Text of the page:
Highlights from the Collinear Resonance Ionization Spectroscopy (CRIS) experiment at ISOLDE

by Agi Koszorus (KU Leuven)

Wednesday, January 9, 2019 from to (Europe/Berlin)
at GSI ( KBW Lecture Hall - Side Room )

Laser spectroscopy techniques are well-established tools for the measurement of the hyperfine structure and isotope shifts of exotic nuclei [1,2]. From these observables information can be extracted about the nuclear electromagnetic properties and changes in the mean square charge radii. The Collinear Resonance Ionization Spectroscopy (CRIS) experiment [3] combines the advantages of two techniques: the high spectral resolution of collinear laser spectroscopy and the high sensitivity of the resonance laser ionization method. Since the first high resolution study performed on francium isotopes in 2014 [4], the CRIS technique has been under continuous developments leading to the successful study of 8 elements and more than 100 isotopes. In this presentation, several of our key milestones along with the challenges that were overcome will be presented. Until this year the study of nuclear properties was the main focus of the CRIS collaboration. However, recent developments uncovered the potential of the CRIS technique to probe state-of-the-art molecular and atomic theories [5,6]. These topics are also will be discussed.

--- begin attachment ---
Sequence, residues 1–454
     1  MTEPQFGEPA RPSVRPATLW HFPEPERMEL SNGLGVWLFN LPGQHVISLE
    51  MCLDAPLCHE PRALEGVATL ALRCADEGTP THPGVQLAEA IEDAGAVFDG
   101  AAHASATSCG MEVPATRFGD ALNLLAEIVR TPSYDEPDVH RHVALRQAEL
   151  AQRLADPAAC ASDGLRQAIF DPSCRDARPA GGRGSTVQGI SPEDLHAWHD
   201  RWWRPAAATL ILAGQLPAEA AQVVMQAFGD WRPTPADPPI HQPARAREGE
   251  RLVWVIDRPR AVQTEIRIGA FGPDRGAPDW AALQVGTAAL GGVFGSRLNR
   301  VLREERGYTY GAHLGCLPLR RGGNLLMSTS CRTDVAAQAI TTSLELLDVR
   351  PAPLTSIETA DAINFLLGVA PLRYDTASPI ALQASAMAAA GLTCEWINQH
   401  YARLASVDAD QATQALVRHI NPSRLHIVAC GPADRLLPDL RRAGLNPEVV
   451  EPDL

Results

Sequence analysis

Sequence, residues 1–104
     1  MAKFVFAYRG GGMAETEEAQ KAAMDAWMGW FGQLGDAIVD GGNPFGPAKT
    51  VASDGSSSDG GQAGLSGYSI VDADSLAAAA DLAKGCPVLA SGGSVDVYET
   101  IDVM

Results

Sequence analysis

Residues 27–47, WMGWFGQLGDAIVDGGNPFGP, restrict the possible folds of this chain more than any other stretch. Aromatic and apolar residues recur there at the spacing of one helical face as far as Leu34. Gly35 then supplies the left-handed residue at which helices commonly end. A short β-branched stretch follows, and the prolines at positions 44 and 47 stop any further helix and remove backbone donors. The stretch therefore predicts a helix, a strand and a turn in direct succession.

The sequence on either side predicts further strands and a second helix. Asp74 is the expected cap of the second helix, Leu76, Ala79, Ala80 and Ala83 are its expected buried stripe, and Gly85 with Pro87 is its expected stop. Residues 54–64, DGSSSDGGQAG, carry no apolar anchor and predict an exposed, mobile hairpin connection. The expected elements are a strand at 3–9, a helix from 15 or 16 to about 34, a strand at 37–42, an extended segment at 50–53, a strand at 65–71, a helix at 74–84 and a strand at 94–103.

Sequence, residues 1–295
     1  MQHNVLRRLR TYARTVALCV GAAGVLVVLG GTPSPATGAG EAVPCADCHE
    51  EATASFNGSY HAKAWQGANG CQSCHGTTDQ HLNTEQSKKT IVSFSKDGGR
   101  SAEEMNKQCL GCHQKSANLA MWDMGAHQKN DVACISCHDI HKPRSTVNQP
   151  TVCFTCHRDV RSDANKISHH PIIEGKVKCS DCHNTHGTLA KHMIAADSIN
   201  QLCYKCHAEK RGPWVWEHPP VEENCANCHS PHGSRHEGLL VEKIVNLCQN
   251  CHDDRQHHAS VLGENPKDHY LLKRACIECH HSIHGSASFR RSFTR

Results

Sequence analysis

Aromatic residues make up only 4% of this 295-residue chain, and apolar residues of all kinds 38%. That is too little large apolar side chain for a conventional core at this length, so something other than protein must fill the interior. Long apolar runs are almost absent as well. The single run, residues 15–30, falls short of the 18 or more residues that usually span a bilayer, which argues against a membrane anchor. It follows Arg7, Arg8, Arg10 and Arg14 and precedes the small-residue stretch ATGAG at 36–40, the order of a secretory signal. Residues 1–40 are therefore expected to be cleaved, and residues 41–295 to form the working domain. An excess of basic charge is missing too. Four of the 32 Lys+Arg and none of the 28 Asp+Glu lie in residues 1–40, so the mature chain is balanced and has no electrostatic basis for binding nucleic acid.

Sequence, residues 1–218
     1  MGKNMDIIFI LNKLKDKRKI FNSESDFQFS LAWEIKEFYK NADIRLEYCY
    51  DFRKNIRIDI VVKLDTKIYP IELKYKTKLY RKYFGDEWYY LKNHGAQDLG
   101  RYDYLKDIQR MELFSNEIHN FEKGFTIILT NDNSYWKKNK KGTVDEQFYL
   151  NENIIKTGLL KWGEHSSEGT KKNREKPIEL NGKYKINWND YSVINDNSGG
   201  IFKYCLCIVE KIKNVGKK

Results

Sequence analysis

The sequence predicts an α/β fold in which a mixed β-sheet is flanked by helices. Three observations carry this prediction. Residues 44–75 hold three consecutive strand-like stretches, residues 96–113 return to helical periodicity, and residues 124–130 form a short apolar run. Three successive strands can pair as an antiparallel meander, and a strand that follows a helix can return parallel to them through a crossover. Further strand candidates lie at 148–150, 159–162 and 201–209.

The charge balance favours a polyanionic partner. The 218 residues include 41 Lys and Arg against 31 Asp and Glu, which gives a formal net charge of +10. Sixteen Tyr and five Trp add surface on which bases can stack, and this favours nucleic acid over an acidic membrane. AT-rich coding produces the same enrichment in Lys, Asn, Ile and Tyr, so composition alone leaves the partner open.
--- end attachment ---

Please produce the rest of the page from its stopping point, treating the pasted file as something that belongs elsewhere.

[1] R. Neugart et al., Journal of Physics G 44 (6), 064002 (2017).
[2] V.N. Fedosseev et al., Physica Scripta, 85, 5 (2012).
[3] T.E. Cocolios and R.P. de Groote et al., NIM B 376, 284 (2016).
[4] R.P. de Groote et al., PRL 115 (13), 132501 (2015).
[5] R.F Garcia Ruiz et al., PRX 8 (4), 041005 (2018).
[6] R.F. Garcia Ruiz et al., CERN-INTC-2018-017 / INTC-P-546 (2018).